The report found pluses that vary by school. Many school teams recognize the presence of mental health needs among students and the connection between mental health and student learning; many of the health and mental health programs were integrating evidence-based tools, practices, and programs into their work with students; and many schools have successfully integrated interpreters and cultural liaisons to support ELL students with mental health needs.
While school teams use multidisciplinary collaboration to address mental health issues, collaboration was not a strong suit for Island schools overall. The report also noted that teachers and counselors are feeling the effects of managing their students’ mental health and emotional issues, and several reported high stress levels, fear of burnout, and morale issues.
The researchers offered available government resources that could benefit mental health treatment. For example, the research team suggested use of Massachusetts Child Psychiatry Access Program (MCPAP) by Island pediatricians to treat patients with mental health issues, a program with which Island physicians are generally unfamiliar, they said. MCPAP was a Massachusetts brainchild now being used by 30 states.
They recommended hiring an all-Island mental health director, and provided a job description for that post as well.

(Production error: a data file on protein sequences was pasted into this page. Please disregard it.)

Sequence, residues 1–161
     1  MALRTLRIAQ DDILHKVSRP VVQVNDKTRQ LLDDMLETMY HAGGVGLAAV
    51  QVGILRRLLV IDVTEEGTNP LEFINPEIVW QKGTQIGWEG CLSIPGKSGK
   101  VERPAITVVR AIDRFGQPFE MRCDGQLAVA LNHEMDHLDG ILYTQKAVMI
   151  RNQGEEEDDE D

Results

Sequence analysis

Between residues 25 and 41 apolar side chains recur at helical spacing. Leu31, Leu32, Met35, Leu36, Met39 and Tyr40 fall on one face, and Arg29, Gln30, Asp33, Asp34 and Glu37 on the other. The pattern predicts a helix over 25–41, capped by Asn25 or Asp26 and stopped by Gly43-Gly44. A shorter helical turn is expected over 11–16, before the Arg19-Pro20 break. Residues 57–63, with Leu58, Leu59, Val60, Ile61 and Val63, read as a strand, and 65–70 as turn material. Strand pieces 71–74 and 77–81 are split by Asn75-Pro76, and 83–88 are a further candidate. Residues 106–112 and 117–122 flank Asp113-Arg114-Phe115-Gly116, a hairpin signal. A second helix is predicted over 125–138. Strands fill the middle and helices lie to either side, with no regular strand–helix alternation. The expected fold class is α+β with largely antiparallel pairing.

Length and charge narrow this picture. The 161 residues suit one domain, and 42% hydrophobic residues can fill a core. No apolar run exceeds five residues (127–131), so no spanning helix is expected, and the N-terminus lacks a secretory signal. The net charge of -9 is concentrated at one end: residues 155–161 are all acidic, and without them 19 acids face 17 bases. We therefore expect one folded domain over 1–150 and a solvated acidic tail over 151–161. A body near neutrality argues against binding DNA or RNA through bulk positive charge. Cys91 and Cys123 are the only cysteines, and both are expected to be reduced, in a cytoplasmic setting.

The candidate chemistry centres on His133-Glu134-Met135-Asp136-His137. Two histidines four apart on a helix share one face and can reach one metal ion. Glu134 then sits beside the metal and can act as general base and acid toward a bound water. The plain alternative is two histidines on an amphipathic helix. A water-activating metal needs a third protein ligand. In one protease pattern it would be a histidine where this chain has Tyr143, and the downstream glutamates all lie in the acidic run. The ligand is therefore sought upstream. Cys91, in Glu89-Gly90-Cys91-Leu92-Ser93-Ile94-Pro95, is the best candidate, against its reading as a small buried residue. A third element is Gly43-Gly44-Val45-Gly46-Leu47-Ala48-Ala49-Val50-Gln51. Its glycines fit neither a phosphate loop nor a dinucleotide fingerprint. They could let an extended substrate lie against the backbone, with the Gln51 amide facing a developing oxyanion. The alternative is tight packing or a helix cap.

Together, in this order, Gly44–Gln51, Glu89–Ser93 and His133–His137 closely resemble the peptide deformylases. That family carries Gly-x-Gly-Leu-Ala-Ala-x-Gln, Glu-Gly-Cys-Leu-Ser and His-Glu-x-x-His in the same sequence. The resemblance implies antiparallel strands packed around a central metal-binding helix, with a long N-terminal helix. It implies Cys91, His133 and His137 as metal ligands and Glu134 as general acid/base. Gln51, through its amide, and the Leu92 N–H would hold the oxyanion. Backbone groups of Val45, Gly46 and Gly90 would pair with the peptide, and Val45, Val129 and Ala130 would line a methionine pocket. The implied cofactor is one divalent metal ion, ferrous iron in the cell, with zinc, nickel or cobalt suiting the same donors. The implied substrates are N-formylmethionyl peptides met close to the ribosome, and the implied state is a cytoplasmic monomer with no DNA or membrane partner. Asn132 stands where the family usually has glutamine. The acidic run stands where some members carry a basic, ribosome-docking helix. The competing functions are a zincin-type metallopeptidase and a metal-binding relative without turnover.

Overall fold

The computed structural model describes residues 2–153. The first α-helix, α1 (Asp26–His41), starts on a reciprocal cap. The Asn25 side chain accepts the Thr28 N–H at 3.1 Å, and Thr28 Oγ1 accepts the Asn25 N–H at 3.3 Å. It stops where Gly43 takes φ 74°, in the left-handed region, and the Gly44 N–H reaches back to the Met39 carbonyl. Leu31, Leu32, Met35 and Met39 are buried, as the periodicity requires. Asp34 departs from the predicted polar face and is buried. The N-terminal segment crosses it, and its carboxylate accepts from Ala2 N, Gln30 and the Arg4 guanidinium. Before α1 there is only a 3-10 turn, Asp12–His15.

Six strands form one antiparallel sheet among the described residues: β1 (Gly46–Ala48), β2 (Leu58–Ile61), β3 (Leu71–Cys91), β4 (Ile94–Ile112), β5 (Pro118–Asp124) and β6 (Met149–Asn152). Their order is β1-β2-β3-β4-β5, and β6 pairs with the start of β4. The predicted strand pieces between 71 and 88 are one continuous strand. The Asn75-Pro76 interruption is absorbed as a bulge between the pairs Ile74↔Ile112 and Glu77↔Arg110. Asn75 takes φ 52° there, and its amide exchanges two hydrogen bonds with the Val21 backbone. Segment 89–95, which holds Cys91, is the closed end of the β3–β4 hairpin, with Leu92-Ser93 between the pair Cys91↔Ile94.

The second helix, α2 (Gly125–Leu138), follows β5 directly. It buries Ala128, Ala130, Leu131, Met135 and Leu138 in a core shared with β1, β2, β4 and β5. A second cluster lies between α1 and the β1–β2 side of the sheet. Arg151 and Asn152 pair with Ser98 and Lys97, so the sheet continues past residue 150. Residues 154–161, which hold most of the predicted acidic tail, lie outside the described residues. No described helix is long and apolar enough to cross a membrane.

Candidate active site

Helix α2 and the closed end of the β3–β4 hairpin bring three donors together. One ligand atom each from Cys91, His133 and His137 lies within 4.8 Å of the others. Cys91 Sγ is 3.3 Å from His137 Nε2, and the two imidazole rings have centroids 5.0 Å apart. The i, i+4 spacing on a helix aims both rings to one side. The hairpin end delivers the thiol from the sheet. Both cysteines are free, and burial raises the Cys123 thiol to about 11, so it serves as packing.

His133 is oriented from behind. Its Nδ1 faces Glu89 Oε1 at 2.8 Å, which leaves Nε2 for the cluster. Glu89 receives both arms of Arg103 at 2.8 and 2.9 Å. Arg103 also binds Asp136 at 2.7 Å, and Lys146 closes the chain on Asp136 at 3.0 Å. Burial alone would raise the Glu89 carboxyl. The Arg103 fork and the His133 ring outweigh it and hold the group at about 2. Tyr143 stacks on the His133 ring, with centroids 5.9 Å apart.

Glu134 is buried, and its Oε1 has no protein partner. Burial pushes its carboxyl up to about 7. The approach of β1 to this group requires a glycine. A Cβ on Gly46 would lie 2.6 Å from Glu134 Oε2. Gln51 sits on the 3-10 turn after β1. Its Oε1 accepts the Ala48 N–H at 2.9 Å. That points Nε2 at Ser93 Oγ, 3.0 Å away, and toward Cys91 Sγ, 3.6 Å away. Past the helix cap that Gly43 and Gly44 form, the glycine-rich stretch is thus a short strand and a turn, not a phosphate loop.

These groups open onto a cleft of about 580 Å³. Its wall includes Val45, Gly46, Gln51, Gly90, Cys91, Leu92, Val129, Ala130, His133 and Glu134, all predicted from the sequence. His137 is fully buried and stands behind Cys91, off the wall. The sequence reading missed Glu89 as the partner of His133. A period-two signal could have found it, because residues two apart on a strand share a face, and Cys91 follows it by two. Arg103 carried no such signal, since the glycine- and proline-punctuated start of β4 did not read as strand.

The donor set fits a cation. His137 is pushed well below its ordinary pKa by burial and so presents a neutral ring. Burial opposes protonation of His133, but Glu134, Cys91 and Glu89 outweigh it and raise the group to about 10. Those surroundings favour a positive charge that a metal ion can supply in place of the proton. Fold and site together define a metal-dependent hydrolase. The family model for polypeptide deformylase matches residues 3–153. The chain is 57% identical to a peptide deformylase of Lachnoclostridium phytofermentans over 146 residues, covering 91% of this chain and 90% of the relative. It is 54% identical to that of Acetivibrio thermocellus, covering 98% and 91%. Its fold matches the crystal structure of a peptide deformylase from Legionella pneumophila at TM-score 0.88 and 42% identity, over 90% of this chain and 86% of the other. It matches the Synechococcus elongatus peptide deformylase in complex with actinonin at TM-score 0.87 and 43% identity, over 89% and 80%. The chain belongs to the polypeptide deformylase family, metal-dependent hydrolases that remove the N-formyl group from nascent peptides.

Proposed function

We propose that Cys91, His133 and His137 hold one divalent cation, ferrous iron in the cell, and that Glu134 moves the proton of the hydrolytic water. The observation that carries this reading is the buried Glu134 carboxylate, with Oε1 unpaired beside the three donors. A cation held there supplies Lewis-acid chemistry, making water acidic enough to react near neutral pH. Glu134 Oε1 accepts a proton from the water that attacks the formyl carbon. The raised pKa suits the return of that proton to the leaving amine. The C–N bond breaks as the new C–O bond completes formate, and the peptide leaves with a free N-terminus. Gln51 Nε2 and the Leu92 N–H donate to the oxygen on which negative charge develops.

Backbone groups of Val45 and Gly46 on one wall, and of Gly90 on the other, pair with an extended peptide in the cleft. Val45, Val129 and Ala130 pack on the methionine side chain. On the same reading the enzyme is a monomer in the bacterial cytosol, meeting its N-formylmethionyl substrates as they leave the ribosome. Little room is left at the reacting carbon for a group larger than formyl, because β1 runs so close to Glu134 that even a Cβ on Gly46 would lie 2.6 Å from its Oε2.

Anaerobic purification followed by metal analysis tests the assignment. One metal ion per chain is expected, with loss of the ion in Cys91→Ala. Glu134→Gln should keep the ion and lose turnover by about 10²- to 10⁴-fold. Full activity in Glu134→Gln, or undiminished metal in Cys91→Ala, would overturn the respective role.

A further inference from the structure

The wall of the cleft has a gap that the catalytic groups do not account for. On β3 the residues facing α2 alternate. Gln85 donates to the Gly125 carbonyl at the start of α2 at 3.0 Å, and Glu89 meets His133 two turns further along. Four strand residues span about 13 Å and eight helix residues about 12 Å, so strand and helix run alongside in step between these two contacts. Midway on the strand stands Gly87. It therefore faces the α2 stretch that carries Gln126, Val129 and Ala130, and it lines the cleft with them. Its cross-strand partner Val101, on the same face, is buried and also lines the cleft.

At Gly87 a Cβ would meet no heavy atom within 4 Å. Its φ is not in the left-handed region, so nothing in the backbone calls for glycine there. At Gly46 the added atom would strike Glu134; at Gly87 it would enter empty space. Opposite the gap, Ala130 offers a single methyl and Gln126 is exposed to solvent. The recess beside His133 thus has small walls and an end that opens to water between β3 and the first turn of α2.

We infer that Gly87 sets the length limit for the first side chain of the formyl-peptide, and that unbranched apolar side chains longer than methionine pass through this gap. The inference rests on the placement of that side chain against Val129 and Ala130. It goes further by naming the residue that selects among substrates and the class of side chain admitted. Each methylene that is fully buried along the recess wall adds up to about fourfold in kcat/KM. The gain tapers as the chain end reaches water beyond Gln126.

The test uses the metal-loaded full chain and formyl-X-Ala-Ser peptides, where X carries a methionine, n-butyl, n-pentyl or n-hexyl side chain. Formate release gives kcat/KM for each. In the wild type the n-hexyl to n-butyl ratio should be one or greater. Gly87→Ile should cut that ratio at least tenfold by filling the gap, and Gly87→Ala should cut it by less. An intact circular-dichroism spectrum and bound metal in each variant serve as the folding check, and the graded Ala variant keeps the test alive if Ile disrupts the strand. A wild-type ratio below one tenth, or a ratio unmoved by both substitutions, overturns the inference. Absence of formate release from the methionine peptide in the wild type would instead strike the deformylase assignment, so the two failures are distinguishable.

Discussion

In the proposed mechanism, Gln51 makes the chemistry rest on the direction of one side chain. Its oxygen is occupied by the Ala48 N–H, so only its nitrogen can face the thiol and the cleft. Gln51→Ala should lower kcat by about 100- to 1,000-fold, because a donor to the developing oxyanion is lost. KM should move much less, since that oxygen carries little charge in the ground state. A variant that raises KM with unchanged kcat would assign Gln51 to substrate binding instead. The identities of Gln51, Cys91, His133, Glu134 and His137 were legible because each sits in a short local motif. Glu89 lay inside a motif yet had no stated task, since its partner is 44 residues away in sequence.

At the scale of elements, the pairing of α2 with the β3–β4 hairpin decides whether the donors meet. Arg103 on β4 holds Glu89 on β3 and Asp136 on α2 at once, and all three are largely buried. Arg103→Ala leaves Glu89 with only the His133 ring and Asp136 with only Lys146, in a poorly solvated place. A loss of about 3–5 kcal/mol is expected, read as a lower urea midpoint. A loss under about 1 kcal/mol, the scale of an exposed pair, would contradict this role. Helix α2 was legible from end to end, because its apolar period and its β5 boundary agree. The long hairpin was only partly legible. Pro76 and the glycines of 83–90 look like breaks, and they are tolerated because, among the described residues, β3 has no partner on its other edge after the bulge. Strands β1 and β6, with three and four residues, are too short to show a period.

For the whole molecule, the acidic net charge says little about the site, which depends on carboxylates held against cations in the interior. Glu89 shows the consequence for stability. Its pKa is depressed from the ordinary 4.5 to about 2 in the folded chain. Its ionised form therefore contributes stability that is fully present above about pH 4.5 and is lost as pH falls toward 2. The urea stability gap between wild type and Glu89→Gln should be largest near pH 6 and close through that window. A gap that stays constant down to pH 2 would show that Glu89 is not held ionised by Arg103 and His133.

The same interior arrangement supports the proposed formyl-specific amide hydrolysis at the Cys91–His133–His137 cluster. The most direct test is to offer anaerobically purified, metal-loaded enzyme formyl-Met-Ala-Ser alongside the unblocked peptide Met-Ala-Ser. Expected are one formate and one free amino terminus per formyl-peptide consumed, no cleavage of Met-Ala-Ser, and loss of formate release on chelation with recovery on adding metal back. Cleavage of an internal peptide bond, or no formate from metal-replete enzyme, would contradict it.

Assessing and improving school climate, MedStar’s third priority, involves creating a team of school leaders, staff, youth, families, and community partners (i.e. Martha’s Vineyard Community Services) to ascertain students’ degree of connectedness and sense of safety, and to look at school staff relationships, morale, and well-being.
The initiative envisions repeated annual assessment of the school climate, and the researchers provide an enormous cache of available resources in federal and state government to aid in the process.
While the process may seem disarmingly simple, a review of the opinions and attitudes of stakeholders indicate that everyone in the community is not on the same page. The process of bringing stakeholders into the same tent may also benefit community climate, though the researchers did not specifically claim that.
In sum, the MedStar report combines deep-digging research, a trove of resources available, and some common-sense solutions as a blueprint for action. For example, Biel and Bostic repeatedly called for vigorous and ongoing informational campaigns to draw stakeholder commitment to their initiatives.
They noted that the country of Iceland engaged on a full-bore campaign 20 years ago to reduce Europe’s highest rate of substance use and dropout rates, and reduced those rates by 90 percent in a decade, a model now used by more than 30 European countries. “That program, though expensive, could happen here,” Biel said.